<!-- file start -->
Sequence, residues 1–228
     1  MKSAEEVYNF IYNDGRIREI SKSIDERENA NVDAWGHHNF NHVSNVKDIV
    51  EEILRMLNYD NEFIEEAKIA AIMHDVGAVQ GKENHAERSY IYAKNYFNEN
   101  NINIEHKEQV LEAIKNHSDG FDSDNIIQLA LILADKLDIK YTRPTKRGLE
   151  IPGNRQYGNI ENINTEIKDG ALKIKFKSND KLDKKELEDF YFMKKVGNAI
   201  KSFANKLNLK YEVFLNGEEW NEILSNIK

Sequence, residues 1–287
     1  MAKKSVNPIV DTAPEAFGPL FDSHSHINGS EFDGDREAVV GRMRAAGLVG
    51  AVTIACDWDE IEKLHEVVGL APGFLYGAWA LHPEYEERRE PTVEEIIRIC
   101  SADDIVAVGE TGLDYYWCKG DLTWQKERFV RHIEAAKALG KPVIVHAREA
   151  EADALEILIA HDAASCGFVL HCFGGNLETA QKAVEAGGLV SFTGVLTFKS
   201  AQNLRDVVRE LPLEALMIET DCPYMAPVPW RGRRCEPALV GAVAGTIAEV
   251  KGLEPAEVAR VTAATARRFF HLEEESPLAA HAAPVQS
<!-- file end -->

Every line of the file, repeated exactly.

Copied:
Sequence, residues 1–228
     1  MKSAEEVYNF IYNDGRIREI SKSIDERENA NVDAWGHHNF NHVSNVKDIV
    51  EEILRMLNYD NEFIEEAKIA AIMHDVGAVQ GKENHAERSY IYAKNYFNEN
   101  NINIEHKEQV LEAIKNHSDG FDSDNIIQLA LILADKLDIK YTRPTKRGLE
   151  IPGNRQYGNI ENINTEIKDG ALKIKFKSND KLDKKELEDF YFMKKVGNAI
   201  KSFANKLNLK YEVFLNGEEW NEILSNIK

Sequence, residues 1–287
     1  MAKKSVNPIV DTAPEAFGPL FDSHSHINGS EFDGDREAVV GRMRAAGLVG
    51  AVTIACDWDE IEKLHEVVGL APGFLYGAWA LHPEYEERRE PTVEEIIRIC
   101  SADDIVAVGE TGLDYYWCKG DLTWQKERFV RHIEAAKALG KPVIVHAREA
   151  EADALEILIA HDAASCGFVL HCFGGNLETA QKAVEAGGLV SFTGVLTFKS
   201  AQNLRDVVRE LPLEALMIET DCPYMAPVPW RGRRCEPALV GAVAGTIAEV
   251  KGLEPAEVAR VTAATARRFF HLEEESPLAA HAAPVQS